miller's pond

Fall/Winter, 2002
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Volume 5, Issue 3, Web Edition

Poets in the Pond
Alec Kowalczyk Alex Stolis
K.R. Copeland Fred Longworth
Two Poems by Alec Kowalczyk
Bon Vivant

savored slowly
oysters on the half shell
his mouth swells with ocean


canyon maze
a clear echo
everywhere at once

drip in a cave
the only sound
and all the sound

foghorn tone
inside or outside
the beached shell ?

wind gust
swirling and moaning
in a clapperless bell


ancient anvil
subaural vibrations
from the first blow

Alec Kowalczyk is a native of South Troy, New York, a civil engineer by day with an interest in the mechanics of poetry.

Two Poems by K.R. Copeland

Those Edible Arthropods

A carapace of ant does not dissolve
within one's mouth,
rather crunches, then gets stuck
between the teeth.
Whereas beetle grub consumption
is a gulp of utmost ease,
(especially when cooked and covered
in a powdered cheese.)
Shrimp, they say's the seas attempt
at making spider meat,
feet of bees appease the insect lovers lips.
Field crickets on their way down, tickle
tonsils, tongues and tease
as do the lacewings, katydids and thrips.

Celebratory Song of the Entomologist Divorcée

I'm happy as a millipede
in leaf litter

positivity in every brief pitter -

patter of my feet upon
relief, skitter

merrily along, for I am free !

K.R. Copeland is a fiery versifier from the mid-west.  Her work, which ranges from formal to experimental, heady to absurd, has been featured in many fine publications, such as, Glass Tesseract, Niederngasse, Snow Monkey, Moxie, The American Muse, and Unlikely Stories. K.R. is also the judge for the Beginnings Magazine poetry competitions 2002.

One Poem by Alex Stolis


I’m a Sagittarius and enjoy the simple things in life like flowers, bonfires,
Chinese art. I’m 5’3”, 110 lbs, long straight blonde hair. I like to read 
and listen to music. If you are at all interested send me a message and 
I’ll get back. Box 86345

2AM and the crush of water
running in the bathtub next door
sounds like a Chinese fortune, 

black with gold trim,
silk feet bound
in crisscross moons;

I sit here,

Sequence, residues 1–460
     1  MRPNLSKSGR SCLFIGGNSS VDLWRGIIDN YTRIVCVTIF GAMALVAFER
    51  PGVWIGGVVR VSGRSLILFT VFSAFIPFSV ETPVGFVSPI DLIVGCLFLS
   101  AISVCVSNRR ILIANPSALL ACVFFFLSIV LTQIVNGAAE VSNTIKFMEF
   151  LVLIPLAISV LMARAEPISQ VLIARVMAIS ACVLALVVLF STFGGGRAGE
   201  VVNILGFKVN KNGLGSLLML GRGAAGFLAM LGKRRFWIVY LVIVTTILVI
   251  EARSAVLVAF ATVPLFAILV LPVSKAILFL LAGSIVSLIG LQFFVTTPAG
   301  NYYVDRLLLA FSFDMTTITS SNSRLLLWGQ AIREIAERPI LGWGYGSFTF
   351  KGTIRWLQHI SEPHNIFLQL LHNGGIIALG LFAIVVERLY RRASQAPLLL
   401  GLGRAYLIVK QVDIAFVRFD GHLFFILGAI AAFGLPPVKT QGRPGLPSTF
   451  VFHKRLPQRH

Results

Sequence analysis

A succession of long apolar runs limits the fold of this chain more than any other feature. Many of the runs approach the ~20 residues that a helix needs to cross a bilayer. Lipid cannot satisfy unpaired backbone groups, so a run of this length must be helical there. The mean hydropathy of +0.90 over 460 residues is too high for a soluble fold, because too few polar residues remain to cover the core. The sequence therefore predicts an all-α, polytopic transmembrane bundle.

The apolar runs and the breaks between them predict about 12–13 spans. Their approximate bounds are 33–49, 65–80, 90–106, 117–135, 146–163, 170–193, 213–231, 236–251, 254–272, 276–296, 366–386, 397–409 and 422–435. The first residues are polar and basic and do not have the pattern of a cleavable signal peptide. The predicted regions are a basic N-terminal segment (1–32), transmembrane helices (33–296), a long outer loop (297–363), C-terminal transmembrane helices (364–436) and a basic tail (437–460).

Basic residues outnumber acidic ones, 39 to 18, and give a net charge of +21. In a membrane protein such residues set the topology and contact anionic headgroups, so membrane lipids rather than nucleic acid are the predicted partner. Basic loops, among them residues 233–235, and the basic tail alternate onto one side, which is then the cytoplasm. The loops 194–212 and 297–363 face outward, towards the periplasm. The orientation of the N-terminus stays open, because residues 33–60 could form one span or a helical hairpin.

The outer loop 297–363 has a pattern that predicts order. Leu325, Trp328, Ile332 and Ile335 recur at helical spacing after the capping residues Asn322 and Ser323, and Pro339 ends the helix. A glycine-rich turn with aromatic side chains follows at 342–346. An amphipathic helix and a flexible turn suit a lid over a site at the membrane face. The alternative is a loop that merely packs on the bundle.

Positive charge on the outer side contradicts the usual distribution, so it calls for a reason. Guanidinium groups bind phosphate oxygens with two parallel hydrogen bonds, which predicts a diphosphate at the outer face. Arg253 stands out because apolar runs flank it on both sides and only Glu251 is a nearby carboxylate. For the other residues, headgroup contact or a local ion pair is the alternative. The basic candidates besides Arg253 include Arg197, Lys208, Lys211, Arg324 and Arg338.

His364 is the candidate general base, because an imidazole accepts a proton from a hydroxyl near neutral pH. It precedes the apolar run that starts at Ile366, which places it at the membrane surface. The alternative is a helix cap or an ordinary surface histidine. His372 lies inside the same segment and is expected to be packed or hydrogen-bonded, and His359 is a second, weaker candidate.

think of cutting my teeth on the soft tissue 
that resembles a bird’s feather 
on your thigh,
to the curve of your hip.

Instead, I cut my teeth 
on the round skin of an apple,
picture Madam Butterfly 

covered to her neck, 
petals and stems floating
around her breasts.

Alex Stolis lives and works in Minneapolis, Minnesota. He has had 120 poems 
published both on-line and in print. Recent publications include Ilya’s Honey, 
Stirring, Nerve Cowboy, Thin Coyote,  Poetry Motel and Chiron Review
He claims he is not a poet.

Two Poems by Fred Longworth


"I'm leaving you!" she yelled,
and stormed out of the bedroom.
She slammed the door so hard
back in order.
that ten words of this poem
tumbled down a line.
But not to worry -- I've got my life

The Healing

Back from Lourdes, she tells me that she’s cured.
Still, I see the symbiont biding its time,
lurking in the crevices of hope.

Still, she must catch her breath each time she stands,
still flinches when touched below the ribs,
still reconfigures her bed with pillows and rolled-up blankets,
searching for a dwindled ease, an obstinate sleep;
still fills the bin by the toilet with maxi-pads.

She insists that soon she’ll be back at yoga;
soon another showing at the gallery;
soon that hike to Penesquitos Falls;
soon the planting of an organic garden;
soon another children’s cooking class.

Like the stone which holds our back door firm
against the chattering wind, she’ll speak in passive voices,
anchoring the verbs of others.  Soon and still.

Fred Longworth co-hosts the open-mic poetry reading at Twiggs Coffee & Tea in San Diego. 
His poems have recently been published in print in California Quarterly, Limestone Circle
and Pearl, and on line at Slant and Words on a Wire.  “Variations on Touch” will be in the 
upcoming print issue of miller’s pond.


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